A mentor, law professor Gerald Gunther, finally got her a clerkship in New York by promising Judge Edmund Palmieri that if she couldn’t do the work, he would provide someone who could. That was “the carrot,” Ginsburg would say later. “The stick” was that Gunther, who regularly fed his best students to Palmieri, told the judge that if he didn’t take Ginsburg, Gunther would never send him a clerk again. The Ginsburg clerkship apparently was a success; Palmieri kept her not for the usual one year, but two, from 1959-61.
In 1963, Ginsburg finally landed a teaching job at Rutgers Law School, where she at one point hid her second pregnancy by wearing her mother-in-law’s clothes. The ruse worked; her contract was renewed before her baby was born.
While at Rutgers, she began her work fighting gender discrimination. She also became the first female tenured professor at Columbia Law School, and also found the Women’s Rights Project at the American Civil Liberties Union.
Ginsburg worked her way from clerkship all the way to become the second woman Associate Justice of the Supreme Court from 1993 until her death on September 18, 2020 at the age of 87.
Her husband Marty told NPR in an interview that from her first big case, Ginsburg “had to think through all the issues and how to fix the inequity. The solution was to ask the court not to invalidate the statute but to apply it equally to both sexes. She won in the lower courts.”
She persuaded the men in the court, consisted mostly of men, based on the legal theory: “The words of the 14th Amendment’s equal protection clause — ‘nor shall any state deny to any person the equal protection of the laws.’ Well that word, ‘any person,’ covers women as well as men.”
Paraphrasing her famous quote, this was how she fought for the things she cared about, by doing it in a way that would lead others to join her.
Justice Ruth Bader Ginsburg would have wanted to live up to her 90s, knowing how critical this time is in our nation’s history.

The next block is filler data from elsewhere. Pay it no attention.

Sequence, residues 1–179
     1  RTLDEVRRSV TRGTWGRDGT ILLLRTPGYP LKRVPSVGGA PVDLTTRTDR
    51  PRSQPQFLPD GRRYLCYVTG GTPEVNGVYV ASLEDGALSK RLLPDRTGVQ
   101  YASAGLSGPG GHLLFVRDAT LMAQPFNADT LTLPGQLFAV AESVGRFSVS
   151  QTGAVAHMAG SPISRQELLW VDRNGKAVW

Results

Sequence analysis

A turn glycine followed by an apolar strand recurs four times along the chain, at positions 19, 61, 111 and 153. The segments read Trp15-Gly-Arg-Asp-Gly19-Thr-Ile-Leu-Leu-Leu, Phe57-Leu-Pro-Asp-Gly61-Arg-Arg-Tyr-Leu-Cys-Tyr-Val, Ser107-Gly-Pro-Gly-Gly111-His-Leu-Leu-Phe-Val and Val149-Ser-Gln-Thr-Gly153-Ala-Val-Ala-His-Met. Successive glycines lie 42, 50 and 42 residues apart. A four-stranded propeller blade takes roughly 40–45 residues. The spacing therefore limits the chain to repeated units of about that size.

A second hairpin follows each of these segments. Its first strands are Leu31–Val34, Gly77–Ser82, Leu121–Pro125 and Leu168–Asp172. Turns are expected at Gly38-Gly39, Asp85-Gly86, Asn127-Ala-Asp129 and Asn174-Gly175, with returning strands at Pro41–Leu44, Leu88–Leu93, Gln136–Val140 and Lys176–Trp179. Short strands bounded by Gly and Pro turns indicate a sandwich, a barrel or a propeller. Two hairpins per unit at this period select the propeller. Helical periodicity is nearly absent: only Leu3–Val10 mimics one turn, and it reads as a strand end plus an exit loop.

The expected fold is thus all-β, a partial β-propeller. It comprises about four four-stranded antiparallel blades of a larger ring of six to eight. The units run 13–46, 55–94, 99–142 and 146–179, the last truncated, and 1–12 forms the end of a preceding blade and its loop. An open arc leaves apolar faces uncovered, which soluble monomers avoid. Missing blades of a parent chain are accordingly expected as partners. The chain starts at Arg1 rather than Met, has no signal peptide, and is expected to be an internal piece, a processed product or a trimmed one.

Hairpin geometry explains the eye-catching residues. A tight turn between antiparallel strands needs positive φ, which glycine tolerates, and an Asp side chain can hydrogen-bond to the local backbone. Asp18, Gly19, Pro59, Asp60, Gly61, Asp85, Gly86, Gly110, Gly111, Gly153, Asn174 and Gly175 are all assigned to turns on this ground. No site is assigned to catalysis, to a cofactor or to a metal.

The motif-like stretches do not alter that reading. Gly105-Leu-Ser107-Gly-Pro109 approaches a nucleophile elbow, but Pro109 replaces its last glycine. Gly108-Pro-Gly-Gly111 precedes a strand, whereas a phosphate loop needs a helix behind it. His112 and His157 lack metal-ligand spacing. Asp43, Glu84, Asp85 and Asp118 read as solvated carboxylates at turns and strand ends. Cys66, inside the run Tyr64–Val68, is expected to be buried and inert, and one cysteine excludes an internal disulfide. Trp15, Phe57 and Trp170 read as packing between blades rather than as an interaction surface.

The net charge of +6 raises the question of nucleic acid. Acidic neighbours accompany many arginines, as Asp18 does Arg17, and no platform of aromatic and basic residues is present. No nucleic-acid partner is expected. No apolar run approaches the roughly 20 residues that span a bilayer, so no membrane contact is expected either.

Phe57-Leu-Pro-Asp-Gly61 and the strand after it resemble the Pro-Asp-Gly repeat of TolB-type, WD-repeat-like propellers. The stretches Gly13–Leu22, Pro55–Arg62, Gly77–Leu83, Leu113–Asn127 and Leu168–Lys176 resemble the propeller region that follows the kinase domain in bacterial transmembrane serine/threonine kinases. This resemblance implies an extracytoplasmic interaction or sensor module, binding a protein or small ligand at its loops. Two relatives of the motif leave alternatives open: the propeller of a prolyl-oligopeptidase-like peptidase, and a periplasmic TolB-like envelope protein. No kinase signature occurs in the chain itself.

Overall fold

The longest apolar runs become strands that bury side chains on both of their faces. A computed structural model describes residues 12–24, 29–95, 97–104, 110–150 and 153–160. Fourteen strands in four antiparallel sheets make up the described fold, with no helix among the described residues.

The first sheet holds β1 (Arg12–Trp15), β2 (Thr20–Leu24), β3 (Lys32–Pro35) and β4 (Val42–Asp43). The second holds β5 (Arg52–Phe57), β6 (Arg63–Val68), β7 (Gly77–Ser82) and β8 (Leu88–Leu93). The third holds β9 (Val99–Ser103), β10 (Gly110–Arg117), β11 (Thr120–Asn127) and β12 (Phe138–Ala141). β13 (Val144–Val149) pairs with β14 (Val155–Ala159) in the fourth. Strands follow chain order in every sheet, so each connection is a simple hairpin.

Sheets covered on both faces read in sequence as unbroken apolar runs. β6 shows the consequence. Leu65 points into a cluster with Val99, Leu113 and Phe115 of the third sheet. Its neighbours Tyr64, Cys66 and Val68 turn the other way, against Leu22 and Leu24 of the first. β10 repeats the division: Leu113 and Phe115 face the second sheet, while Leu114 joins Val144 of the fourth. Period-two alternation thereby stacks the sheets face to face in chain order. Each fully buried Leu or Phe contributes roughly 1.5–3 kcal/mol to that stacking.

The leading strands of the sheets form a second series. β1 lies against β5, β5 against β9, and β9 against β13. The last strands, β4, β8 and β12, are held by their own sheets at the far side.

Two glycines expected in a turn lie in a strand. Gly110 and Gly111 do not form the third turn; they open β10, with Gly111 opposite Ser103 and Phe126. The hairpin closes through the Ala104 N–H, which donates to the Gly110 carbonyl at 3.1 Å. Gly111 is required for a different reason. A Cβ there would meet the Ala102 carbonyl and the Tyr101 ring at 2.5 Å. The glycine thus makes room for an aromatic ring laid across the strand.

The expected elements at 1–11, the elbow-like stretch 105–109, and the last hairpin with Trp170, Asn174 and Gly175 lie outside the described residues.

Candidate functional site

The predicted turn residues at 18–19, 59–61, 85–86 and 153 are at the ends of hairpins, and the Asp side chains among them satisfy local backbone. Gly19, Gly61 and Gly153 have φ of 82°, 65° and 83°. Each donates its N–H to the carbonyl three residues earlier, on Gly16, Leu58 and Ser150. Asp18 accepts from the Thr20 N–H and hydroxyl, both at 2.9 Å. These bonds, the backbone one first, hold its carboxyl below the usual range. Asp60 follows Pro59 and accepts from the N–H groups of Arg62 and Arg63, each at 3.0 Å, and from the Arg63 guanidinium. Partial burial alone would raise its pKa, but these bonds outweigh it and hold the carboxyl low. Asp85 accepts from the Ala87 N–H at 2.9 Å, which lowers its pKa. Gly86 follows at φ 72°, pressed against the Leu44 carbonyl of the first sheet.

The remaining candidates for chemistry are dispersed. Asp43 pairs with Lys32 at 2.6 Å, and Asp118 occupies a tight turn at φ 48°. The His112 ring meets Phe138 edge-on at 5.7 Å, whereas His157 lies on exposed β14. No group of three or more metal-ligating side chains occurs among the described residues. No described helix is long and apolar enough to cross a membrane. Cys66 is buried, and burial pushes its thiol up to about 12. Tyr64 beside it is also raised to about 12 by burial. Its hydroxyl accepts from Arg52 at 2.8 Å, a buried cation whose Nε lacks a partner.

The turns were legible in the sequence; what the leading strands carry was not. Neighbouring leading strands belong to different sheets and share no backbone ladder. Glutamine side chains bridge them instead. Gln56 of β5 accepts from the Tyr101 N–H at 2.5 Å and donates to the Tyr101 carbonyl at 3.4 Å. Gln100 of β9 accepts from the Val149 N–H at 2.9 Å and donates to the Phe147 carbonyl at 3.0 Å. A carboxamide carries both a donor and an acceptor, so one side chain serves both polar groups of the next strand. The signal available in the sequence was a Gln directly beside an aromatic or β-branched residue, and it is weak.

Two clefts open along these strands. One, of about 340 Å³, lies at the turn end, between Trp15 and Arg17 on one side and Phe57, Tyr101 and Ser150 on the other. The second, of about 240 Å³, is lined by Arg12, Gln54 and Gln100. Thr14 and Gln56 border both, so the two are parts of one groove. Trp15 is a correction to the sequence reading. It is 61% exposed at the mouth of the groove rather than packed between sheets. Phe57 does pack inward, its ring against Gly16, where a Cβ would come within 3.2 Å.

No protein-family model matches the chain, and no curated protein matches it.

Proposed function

“That’s because Ginsburg’s death gives Republicans the chance to tighten their grip on the court with another appointment by President Trump so conservatives would have 6-3 majority. And that would mean that even a defection on the right would leave conservatives with enough votes to prevail in the Obamacare case and many others,” NPR reported.
Justice Ginsburg dictated her dying wish to her granddaughter, Clara Spera, in the final moments of her life: “My most fervent wish is that I will not be replaced until a new president is installed.”
Unfortunately, this dying wish would not be honored. On the day Justice Ginsburg’s death was announced, Senate Majority Leader Mitch McConnell said he would work to fill the vacant seat with less than 38 days before the election. Trump is set to formally announce his nominee, conservative Judge Amy Coney Barrett, over the weekend.
“President Trump’s Supreme Court nominee will receive a vote on the floor of the U.S. Senate,” McConnell asserted, as GOP aides are skeptical that there is enough time to confirm a nominee before November 3, given that Supreme Court nominees typically take two to three months to process, according to a review of recent confirmation proceedings,” CNN reported.
There is no urgency in passing a bill to help ordinary hardworking Americans suffering through the coronavirus pandemic for these Republicans and Trump, contradicting their own statements and principles used to rationalize.
We all remember how these Republicans blocked any confirmation hearings for President Barack Obama’s nominee Merrick Garland to succeed Justice Antonin Scalia, McConnell’s justification and pontification: the upcoming presidential election. To which he said, “would allow voters a chance to weigh in on what kind of justice they wanted. But now, with the tables turned, McConnell has made clear he will not follow the same course.”
Such a hypocritical move from Trump and the Republicans who now contend that there is no statute that prevents them from immediately pushing through and rushing confirmation hearings.
As it has been with Trump and his Republican cohorts, they think and move they are above the law in allowing Trump’s transgressions against the rule of law and the Constitution, and that they are definitely not covered by higher ethical and moral standards we expect from our elected officials.
This November is an opportunity to vote Trump and other Republican candidates out.
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Gel Santos Relos has been in news, talk, public service and educational broadcasting since 1989 with ABS-CBN and is now serving the Filipino audience using different platforms, including digital broadcasting, and print, and is working on a new public service program for the community. You may contact her through email at firstname.lastname@example.org, or send her a message via Facebook at Facebook.com/Gel.Santos.Relos.